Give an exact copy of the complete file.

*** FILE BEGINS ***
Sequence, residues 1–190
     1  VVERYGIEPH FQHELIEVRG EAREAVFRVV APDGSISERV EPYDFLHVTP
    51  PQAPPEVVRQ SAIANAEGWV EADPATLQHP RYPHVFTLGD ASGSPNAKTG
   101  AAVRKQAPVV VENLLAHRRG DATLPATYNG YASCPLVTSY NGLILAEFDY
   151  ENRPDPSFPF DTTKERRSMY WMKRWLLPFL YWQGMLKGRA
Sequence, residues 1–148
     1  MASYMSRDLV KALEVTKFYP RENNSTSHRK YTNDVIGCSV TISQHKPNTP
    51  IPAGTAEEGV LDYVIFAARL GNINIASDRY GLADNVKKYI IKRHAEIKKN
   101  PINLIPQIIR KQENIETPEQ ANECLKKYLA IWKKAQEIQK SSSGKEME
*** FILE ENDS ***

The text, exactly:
Sequence, residues 1–190
     1  VVERYGIEPH FQHELIEVRG EAREAVFRVV APDGSISERV EPYDFLHVTP
    51  PQAPPEVVRQ SAIANAEGWV EADPATLQHP RYPHVFTLGD ASGSPNAKTG
   101  AAVRKQAPVV VENLLAHRRG DATLPATYNG YASCPLVTSY NGLILAEFDY
   151  ENRPDPSFPF DTTKERRSMY WMKRWLLPFL YWQGMLKGRA
Sequence, residues 1–148
     1  MASYMSRDLV KALEVTKFYP RENNSTSHRK YTNDVIGCSV TISQHKPNTP
    51  IPAGTAEEGV LDYVIFAARL GNINIASDRY GLADNVKKYI IKRHAEIKKN
   101  PINLIPQIIR KQENIETPEQ ANECLKKYLA IWKKAQEIQK SSSGKEME